Crossing the Panama Canal

The Norwegian Pearl

The Norwegian Pearl – Our chariot through the Panama Canal.

Canal Zone, Panama

My wife, Lynn, and I have just returned from a Panama Canal cruise. Over the next few weeks, I will share some photos and stories from the trip. After departing from Miami, we visited Colombia, Costa Rica, and several ports in Mexico. We disembarked from the Norwegian Pearl at Los Angeles. I will eventually focus one post specifically on our cruise ship experiences. In this week’s post, however, I will dwell on the Panama Canal itself.

The Panama Canal has been on my bucket list for some time. The engineering marvel, completed in 1914, has been saving shipping companies money and time ever since its completion. The canal, built to handle ships that were as large as the engineers could conceive at that time now has a limit on the size of modern ships that it can accommodate.

When a shipping company constructs a vessel, if the ship is ever expected to traverse the canal in its operating lifetime, the design constraints that cannot be exceeded are the length, width and draft (depth of the hull in water). Those design specs for container and passenger ships are 965 feet long, 106 feet wide, and 39.5 feet draft. The height of the superstructure (air draft) is limited to 190 feet to clear the Bridge of the Americas on the Pacific side. There are some exceptions to these numbers, and a quick “google” of the term “Panamax dimensions” will provide you with all the detail you might wish.

Suffice it to say, the cruise ship we sailed upon, the Norwegian Pearl, was completed in 2006, and is built within Panamax dimensions, specifically 965 ft, by 105 ft, by 27 ft. The Pearl, and her sister ship Norwegian Sun, departed Miami for Alaska, where the two ships will spend their summer doing Alaska cruises. In the fall, they will return via the canal to the Atlantic for their winter cruise season.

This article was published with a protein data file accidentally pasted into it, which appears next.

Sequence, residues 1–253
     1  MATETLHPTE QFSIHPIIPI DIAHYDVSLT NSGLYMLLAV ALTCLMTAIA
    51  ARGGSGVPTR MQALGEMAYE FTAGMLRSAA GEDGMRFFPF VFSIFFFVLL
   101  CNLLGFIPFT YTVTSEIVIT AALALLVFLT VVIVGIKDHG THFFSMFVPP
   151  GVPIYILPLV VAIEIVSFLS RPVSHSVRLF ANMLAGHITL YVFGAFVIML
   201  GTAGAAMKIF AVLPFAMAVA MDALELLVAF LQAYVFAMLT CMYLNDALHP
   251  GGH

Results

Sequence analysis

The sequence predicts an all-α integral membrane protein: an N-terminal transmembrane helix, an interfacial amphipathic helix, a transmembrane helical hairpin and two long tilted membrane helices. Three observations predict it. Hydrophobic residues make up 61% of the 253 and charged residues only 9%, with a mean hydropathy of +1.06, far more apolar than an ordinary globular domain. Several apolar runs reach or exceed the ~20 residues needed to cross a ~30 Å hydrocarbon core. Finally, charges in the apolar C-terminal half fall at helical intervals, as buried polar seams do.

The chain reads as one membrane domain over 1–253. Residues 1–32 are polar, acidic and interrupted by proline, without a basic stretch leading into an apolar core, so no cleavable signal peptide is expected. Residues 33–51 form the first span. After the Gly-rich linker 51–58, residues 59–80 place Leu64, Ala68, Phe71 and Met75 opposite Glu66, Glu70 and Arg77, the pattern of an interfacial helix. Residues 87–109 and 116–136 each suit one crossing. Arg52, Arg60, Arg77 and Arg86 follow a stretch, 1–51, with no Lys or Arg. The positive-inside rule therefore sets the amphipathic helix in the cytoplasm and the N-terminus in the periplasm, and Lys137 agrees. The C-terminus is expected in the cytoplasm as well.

The Pearl had just come out of dry dock. We noticed new carpeting, and lots of touches that were not quite complete. We departed two hours late. It was not hard to understand why. Looking from the Promenade Deck (deck 7), over the side, we could see them loading pallet after pallet of bananas, lettuce and other foods, long after our scheduled departure time. The ship had been completely emptied for its dry dock experience, and it took longer than expected to accommodate the reloading. But I digress… this article is about the canal. I will save more details on the cruise ship for another post.

Ships at Colon

We arrived at Colon, Panama at sunrise. The ships here in the Atlantic Ocean side are awaiting their scheduled passage through the canal.

The Panama Canal, its design of utter simplicity, however its execution, let’s just say, not quite so simple. We think of the canal as bisecting the continent from east to west, but if you look at a map, you’ll see it really traverses north to south. They started with building a dam on the Chagres River to create Gatun Lake. The lake surface, some 85 feet above sea level, is the height that ships must reach by traveling through a series of locks. The ingenious design uses the water from Gatun Lake to fill and drain the locks. No pumps are needed as gravity does all the work.

Entering Gatun Lock

The Norwegian Sun is escorted to the first of three Gatun Locks by a tugboat.